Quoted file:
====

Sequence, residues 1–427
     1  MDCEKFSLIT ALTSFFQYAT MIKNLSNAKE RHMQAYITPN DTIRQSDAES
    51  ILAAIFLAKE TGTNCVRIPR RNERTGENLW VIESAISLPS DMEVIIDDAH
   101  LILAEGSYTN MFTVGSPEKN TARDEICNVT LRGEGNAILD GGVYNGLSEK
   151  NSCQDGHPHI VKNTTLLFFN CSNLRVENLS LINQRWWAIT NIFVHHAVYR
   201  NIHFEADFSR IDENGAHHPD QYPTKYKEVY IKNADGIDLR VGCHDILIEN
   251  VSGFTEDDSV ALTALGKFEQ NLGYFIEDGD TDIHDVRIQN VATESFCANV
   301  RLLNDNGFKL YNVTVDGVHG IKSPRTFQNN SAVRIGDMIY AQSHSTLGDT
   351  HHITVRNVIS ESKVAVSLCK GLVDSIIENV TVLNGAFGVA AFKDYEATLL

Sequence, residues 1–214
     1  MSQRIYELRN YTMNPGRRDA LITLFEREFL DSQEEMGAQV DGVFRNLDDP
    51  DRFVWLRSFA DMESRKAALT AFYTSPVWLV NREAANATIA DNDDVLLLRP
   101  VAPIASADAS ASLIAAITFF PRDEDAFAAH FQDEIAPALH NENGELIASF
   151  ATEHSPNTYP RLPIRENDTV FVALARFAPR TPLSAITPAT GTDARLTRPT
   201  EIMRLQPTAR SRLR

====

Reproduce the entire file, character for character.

Sequence, residues 1–427
     1  MDCEKFSLIT ALTSFFQYAT MIKNLSNAKE RHMQAYITPN DTIRQSDAES
    51  ILAAIFLAKE TGTNCVRIPR RNERTGENLW VIESAISLPS DMEVIIDDAH
   101  LILAEGSYTN MFTVGSPEKN TARDEICNVT LRGEGNAILD GGVYNGLSEK
   151  NSCQDGHPHI VKNTTLLFFN CSNLRVENLS LINQRWWAIT NIFVHHAVYR
   201  NIHFEADFSR IDENGAHHPD QYPTKYKEVY IKNADGIDLR VGCHDILIEN
   251  VSGFTEDDSV ALTALGKFEQ NLGYFIEDGD TDIHDVRIQN VATESFCANV
   301  RLLNDNGFKL YNVTVDGVHG IKSPRTFQNN SAVRIGDMIY AQSHSTLGDT
   351  HHITVRNVIS ESKVAVSLCK GLVDSIIENV TVLNGAFGVA AFKDYEATLL

Sequence, residues 1–214
     1  MSQRIYELRN YTMNPGRRDA LITLFEREFL DSQEEMGAQV DGVFRNLDDP
    51  DRFVWLRSFA DMESRKAALT AFYTSPVWLV NREAANATIA DNDDVLLLRP
   101  VAPIASADAS ASLIAAITFF PRDEDAFAAH FQDEIAPALH NENGELIASF
   151  ATEHSPNTYP RLPIRENDTV FVALARFAPR TPLSAITPAT GTDARLTRPT
   201  EIMRLQPTAR SRLR